Advanced Topics
If youve gotten this far, youre ready to run a network! As with all things, there are some more advanced topics. From this point on, you will have to be comfortable with managing the files on your server and accessing the database. Many of these topics will use plugins, as well.

GO BACK TO A SINGLE INSTALL

After all that, sometimes people realize that they didnt want Multisite. It can be removed fairly painlessly.7 1. Delete any extra sites you may have created, either moving the content and users to the main blog or wherever you desire. One the sites are deleted, you cannot retrieve the content. 2. Remove the lines added in the wp-config.php file. 3. Restore the .htaccess file to the default (you can usually restore these by resaving the permalinks). 4. Remove the wp-content/blogs.dir (dont worry, your main site stored everything in wp-content/uploads). 5. Drop these global tables from the database: wp_blogs wp_blog_versions wp_registration_log wp_signups wp_site wp_sitemeta Thats it!

EXPORTING A SITE
7

Edited from http://wpmututorials.com/how-to/how-to-disable-multisite/

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If you want to export one site from the network and install somewhere else, you will have to make a couple important decisions. If all you care about is the content, a traditional WordPress export will be just fine.8 You can simply import the content on the new location, be it a separate install of WordPress, or just a different site on your network.9 If you need to keep the look and feel of your site, all the plugins, theme settings, and users, its vastly more complicated. The basic steps would be to: 1. Install WordPress in the new location. 2. On the existing site, make a note of all users on the site and their user ID. 3. Create your authors (their passwords will change, everyone will have to cope) 4. Export all the wp_x_[tables] from your database, where x is the site ID. 5. Rename the tables in that export file to just wp_[table] 6. Search the export file for the old site URL (i.e. http:// example.com/sitename/ ) and replace with the new one (i.e. http://newexample.com ) 7. Make a list of all the users and their IDs. Compare this to the list you made in step 2 and make sure you know everyones old and new user ID. 8. Edit the wp_posts values for post_author, changing accordingly based on the table you made in step 7. 9. Import the database. 10.Copy /wp-content/blogs.dir/ID/files/ from the old server, and place it in /files/ on your new server. If at all possible, just use the traditional export/import. Youll get a much cleaner database in the end.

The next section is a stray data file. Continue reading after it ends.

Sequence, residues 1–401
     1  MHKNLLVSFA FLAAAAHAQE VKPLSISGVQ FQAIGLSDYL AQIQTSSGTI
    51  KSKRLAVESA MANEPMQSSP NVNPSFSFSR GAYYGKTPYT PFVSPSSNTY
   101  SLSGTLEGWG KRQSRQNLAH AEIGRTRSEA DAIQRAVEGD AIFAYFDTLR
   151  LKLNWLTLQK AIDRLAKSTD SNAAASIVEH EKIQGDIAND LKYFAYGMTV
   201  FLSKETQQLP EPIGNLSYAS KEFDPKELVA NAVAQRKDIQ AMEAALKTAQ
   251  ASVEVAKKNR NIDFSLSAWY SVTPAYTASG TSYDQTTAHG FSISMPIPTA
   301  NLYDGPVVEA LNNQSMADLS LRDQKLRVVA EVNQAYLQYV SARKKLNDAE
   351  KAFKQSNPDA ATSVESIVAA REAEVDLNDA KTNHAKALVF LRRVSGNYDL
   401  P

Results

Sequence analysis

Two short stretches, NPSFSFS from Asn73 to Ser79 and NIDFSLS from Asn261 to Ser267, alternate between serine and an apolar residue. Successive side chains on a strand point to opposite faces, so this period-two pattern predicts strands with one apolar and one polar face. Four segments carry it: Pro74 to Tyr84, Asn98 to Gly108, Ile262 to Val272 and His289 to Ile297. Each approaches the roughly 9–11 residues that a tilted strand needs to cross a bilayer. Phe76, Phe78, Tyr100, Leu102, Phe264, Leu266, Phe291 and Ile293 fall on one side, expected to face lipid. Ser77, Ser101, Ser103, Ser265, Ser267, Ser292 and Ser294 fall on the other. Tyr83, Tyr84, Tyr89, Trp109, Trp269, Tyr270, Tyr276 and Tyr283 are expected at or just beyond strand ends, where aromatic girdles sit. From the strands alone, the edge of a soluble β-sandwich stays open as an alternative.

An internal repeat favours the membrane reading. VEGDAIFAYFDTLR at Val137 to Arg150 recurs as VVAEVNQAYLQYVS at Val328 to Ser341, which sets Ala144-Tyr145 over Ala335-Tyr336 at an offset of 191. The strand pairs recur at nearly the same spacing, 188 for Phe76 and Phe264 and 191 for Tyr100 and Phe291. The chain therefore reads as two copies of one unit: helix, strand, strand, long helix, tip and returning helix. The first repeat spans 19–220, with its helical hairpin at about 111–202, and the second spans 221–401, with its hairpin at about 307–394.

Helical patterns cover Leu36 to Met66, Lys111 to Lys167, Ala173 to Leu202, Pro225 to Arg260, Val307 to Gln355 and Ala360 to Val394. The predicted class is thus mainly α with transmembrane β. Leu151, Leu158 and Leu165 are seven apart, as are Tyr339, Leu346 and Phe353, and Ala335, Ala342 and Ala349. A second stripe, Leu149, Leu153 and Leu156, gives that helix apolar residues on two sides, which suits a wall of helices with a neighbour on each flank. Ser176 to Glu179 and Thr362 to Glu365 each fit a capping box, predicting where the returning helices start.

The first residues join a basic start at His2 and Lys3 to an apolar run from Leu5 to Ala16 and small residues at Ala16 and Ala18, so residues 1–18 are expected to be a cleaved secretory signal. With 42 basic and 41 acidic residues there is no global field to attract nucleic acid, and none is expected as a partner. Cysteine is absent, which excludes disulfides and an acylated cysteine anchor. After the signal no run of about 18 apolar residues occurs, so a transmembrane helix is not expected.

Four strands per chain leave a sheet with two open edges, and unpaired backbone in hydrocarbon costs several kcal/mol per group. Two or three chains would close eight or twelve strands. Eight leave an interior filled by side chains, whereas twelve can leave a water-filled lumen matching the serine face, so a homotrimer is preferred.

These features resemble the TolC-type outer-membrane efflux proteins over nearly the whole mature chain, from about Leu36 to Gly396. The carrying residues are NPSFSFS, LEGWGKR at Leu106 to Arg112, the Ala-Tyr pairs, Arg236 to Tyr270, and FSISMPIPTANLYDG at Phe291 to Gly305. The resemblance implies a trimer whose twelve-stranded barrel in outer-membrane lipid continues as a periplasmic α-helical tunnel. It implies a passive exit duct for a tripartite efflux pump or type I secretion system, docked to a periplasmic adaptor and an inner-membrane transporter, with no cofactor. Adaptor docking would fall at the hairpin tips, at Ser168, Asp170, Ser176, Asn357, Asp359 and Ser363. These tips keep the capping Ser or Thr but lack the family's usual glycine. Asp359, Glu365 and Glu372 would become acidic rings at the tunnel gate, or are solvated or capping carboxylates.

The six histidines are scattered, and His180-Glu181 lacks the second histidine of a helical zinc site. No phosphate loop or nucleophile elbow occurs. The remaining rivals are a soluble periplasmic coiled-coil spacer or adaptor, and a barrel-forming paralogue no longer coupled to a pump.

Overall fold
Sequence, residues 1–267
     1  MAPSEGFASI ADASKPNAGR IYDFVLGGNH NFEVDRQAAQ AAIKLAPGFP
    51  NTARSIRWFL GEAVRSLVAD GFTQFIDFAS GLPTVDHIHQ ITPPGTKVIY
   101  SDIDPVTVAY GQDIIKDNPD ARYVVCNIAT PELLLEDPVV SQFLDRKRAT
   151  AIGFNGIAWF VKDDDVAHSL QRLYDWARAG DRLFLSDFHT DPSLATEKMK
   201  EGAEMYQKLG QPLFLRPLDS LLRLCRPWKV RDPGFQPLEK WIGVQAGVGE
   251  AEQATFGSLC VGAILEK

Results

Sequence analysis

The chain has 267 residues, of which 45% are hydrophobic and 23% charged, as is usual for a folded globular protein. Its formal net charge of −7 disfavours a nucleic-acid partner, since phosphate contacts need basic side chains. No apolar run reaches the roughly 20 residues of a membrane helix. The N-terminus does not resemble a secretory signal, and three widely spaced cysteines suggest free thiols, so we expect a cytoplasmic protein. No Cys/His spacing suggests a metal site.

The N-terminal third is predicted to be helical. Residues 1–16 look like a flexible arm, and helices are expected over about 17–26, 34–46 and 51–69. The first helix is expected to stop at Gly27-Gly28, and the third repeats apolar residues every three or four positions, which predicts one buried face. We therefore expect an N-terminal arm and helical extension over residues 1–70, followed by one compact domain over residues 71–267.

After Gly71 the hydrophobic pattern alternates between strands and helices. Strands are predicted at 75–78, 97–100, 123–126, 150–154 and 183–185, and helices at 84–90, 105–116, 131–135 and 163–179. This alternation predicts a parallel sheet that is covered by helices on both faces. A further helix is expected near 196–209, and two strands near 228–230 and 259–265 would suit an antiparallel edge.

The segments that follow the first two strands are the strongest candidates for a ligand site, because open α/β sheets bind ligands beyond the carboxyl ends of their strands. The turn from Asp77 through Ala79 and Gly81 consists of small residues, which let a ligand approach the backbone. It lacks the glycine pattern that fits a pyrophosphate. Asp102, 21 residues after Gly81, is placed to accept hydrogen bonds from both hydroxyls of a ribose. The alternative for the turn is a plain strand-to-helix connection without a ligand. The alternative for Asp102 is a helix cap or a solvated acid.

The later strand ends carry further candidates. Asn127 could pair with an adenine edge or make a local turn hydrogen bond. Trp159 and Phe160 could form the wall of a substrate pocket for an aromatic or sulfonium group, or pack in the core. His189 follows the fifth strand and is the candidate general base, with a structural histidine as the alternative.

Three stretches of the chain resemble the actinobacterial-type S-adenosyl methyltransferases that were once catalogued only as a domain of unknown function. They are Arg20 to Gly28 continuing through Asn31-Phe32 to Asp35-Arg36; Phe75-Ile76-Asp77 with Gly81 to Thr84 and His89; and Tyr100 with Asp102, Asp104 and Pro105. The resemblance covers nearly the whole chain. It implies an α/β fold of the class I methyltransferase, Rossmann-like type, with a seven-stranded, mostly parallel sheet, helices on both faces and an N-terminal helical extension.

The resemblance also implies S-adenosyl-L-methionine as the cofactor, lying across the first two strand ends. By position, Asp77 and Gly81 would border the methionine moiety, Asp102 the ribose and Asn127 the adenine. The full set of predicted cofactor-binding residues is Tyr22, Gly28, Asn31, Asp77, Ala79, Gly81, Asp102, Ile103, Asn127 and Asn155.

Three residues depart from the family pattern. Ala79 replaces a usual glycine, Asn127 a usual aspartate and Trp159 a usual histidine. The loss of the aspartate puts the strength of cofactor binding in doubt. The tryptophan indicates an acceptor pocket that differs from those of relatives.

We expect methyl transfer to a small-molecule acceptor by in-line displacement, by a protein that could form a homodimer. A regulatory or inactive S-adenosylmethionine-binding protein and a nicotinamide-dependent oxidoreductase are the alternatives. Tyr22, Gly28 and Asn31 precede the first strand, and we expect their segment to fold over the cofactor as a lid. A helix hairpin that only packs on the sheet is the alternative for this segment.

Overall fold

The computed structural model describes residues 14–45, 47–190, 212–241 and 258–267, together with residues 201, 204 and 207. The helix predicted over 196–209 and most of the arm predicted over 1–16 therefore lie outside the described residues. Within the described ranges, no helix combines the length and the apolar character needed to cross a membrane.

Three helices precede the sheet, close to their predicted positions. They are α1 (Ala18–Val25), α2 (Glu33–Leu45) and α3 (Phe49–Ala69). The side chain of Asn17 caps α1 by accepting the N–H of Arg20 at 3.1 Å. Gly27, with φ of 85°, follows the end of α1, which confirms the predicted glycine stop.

8 9

To export, see http://codex.wordpress.org/Tools_Export_Screen To import, see http://codex.wordpress.org/Tools_Import_Screen

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MOVING YOUR NETWORK

Moving a network from one server to another, provided none of the URLs are changing, is as simple as copying over the database and all the files. If, instead, you are changing domains, then the best way to move Multisite is to move the files, edit the .htaccess and wp-config.php (if the folder name containing Multisite changed), and then manually edit the database. Search for all instances of your domain name, and change them as needed. This step cannot yet be easily automated. It's safe to search/ replace any of the wp_x_posts tables, however do not attempt blanket search/replace without a special search and replace script. You can get a copy of the Search and Replace Script at http:// interconnectit.com/124/search-and-replace-for-wordpress-databases/ If you're moving Multisite from one folder to another, you will need to make sure you edit the wp_blogs entries to change the folder name correctly. You should manually review both wp_site and wp_blogs regardless, to ensure all sites were changed correctly. Also manually review all the wp_x_options tables and look for three fields and edit as needed: home siteurl fileupload_url If you are moving from subdomains to subfolders, or vice-versa, remember to adjust the .htaccess file and the value for SUBDOMAIN_INSTALL in your wp-config.php file accordingly.

PRE-CONFIGURING PLUGINS
By default, plugins are either on or off, and the settings are handled per-site. In some cases, you want to pre-configure plugins for your users. In order to do that, you need to use the plugin YD WPMU Sitewide Options. http://wordpress.org/extend/plugins/yd-wpmu-sitewide-options/